But Marrine doesn’t really care about the “rules”. She’s already been forced to leave the man she loves, so at this point she’s willing to abandon everything else as well if it means she gets to become ruler of the continent and bring an end to the era of Chaos. And with this, we’ve set up one thing for certain: though Marrine always tries to make the most pragmatic decisions, they wind up hurting her in the long run. More on that in a bit.
Anyway, as expected the plan goes off literally without a hitch. The miasma leaves everyone in the castle helpless, and Marrine’s soldiers are able to storm the place and murder all the sick and injured soldiers. Aubeste’s plan here wasn’t just smart, it was foolproof, and Marrine’s forces murder every soldier in the castle unmercifully as a display of strength to all neighboring forces. She’s making a statement here, and it could set her up as a major villain in this, if they go that path.
4. One of the cooler small parts of this episode came from watching Aubeste stir up the Chaos in the first place. For one, I always love when creators actually come up with incantations for spells; it shows they’re willing to put the work into developing their lore to make telling a high fantasy story worth it to begin with. It’s also great how Aubeste wasn’t able to simply cast a spell here and be fine–the miasma causes his nose to bleed and nearly takes out the soldier and other mage with him. It makes the miasma seem even more deadly, just before it invades the castle and makes everyone there helpless.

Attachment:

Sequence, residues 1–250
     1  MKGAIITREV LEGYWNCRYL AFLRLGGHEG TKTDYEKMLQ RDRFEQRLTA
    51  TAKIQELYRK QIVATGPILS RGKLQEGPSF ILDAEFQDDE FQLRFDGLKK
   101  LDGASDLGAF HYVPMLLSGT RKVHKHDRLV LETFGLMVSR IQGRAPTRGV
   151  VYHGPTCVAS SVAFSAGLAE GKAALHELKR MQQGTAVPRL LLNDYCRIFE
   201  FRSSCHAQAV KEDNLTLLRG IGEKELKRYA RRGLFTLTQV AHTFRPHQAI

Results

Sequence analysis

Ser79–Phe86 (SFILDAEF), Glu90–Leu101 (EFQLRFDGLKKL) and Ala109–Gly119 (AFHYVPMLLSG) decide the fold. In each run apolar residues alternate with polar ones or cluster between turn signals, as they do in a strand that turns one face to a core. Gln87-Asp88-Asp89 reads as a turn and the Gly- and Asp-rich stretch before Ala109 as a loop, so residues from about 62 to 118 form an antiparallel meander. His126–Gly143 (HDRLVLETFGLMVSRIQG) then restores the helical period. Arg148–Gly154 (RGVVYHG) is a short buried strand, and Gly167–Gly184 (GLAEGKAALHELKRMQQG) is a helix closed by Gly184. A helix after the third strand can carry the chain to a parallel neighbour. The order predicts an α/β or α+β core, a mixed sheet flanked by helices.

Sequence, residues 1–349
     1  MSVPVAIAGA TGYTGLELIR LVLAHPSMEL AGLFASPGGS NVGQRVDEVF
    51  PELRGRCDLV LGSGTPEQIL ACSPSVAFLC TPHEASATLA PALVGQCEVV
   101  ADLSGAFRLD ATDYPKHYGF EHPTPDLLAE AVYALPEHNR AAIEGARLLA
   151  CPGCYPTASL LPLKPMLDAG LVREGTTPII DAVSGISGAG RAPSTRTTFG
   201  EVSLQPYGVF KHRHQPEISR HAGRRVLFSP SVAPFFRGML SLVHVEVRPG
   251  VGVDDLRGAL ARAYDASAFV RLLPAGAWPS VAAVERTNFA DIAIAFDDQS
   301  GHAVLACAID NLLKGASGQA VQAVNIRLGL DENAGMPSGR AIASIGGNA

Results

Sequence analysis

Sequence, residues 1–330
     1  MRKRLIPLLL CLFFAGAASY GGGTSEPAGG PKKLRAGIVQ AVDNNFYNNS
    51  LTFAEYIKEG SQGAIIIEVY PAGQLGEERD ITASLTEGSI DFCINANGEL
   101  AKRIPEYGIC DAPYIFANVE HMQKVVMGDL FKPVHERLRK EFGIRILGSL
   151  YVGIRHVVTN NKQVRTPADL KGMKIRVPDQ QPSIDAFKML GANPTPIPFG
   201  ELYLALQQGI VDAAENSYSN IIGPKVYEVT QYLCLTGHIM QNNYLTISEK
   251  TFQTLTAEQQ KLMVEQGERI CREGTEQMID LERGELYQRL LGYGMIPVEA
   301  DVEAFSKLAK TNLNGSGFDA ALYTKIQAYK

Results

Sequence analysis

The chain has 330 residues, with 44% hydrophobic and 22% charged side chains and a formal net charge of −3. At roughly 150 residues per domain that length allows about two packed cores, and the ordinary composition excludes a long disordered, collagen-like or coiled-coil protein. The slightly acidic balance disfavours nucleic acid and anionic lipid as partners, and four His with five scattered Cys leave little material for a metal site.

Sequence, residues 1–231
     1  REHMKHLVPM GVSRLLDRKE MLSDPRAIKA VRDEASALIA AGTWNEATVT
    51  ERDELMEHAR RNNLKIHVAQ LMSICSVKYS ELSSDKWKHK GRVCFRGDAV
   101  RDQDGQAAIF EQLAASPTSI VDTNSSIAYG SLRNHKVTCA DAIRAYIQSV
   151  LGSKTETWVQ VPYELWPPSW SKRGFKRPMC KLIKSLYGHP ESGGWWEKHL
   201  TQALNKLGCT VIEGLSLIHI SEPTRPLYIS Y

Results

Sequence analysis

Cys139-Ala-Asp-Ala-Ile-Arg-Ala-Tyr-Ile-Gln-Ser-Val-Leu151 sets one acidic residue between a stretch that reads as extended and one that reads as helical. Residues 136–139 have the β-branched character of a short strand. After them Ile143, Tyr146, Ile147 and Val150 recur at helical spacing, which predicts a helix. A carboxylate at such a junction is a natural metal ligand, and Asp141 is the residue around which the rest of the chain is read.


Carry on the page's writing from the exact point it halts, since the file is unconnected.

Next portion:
5. Alright, here we are: the reason this episode is so controversial in the first place. Mirza watches as Marrine’s forces lay waste to the Lord of Pavel’s castle, amused at how she’s willing to make the tough choices. Having already seen how powerful an ally Mirza is, Marrine sets up an arrangement to meet with him. He agrees, but requests she attend without her army. She acquiesces, and what follows is the most logical occurrence given what’s happened up to this point.
After Villar has proven himself not to be the bloodthirsty man Mirza expects him to be on two separate occasions, Mirza decides to abandon him. Meanwhile, Marrine has proven there’s no lengths she’ll go to in order to conquer the lands and end the age of Chaos. She wants to achieve the goal her father and her grandfather failed at. But Mirza’s pretty pissed Villar has veered off the path he believes a proper ruler should tread, and so he wants an assurance. Marrine has pretty obviously been in love with Alexis from day one, and so to prove her loyalty to their union…he requests a “night” with her. More specifically, he outright claims he’ll make her one of his conquests.